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Students uncover under-desk surveillance devices designed to track them

The Tech Workers Coalition shared images of the surveillance devices, which they claimed were installed without consent (TWC)
The Tech Workers Coalition shared images of the surveillance devices, which they claimed were installed without consent (TWC)

A US university has been accused of secretly installing invasive tracking devices to monitor students.

Heat sensors were reportedly placed under desks at Northeastern University’s Interdisciplinary Science & Engineering Complex, according to a blog post by PhD candidate Max von Hippel.

“The sensors were installed overnight and without our consent,” Mr von Hippel wrote in a post published on the Tech Workers Coalition website.

“Non-consensual surveillance is never OK and must be fought, whenever and wherever it happens.”

In an email to Senior Vice Provost David Luzzi, Mr von Hippel claimed that the sensors served no scientific purpose as the university could determine who was at the pre-assigned desks through database logs gathered by the card reader on the door.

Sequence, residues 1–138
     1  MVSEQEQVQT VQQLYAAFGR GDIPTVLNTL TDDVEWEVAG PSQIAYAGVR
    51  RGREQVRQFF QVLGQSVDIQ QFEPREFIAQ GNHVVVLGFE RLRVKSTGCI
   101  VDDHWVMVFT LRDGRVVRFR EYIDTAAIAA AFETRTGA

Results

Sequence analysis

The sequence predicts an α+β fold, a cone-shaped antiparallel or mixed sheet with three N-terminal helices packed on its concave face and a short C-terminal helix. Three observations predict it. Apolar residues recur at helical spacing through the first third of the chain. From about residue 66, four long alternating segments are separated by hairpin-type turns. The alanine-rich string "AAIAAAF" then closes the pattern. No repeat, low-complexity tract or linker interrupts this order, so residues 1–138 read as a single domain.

Mr von Hippel described the sensors as “intimidating”, adding “they change our behaviours (students don’t want to be surveilled thus do not use their desks)”.

Students removed dozens of the devices and repurposed them for a public art project aimed at drawing attention to workplace surveillance.

After consultations with staff and faculty, the university responded by abandoning the desk occupancy tracking system and removing any remaining sensors from the building.

“For those of you who have engaged in discussion, please accept my gratitude for that engagement,” Mr Luzzi said in a statement.

A spokesperson for Northeastern University did not immediately respond to a request for comment from The Independent.

The practice of workplace surveillance has become increasingly common across a range of industries in recent years, aided by technologies designed to physically or electronically gauge workers’ productivity, performance or presence.

A rise in remote working during the Covid-19 pandemic saw some employers introduce software that would take random screenshots from an employee’s screen throughout the day, together with a photo of their face, in order to determine whether or not they were working.

An investigation by The New York Times earlier this year found that eight of the top 10 US employers were doing some form of individual employee productivity monitoring.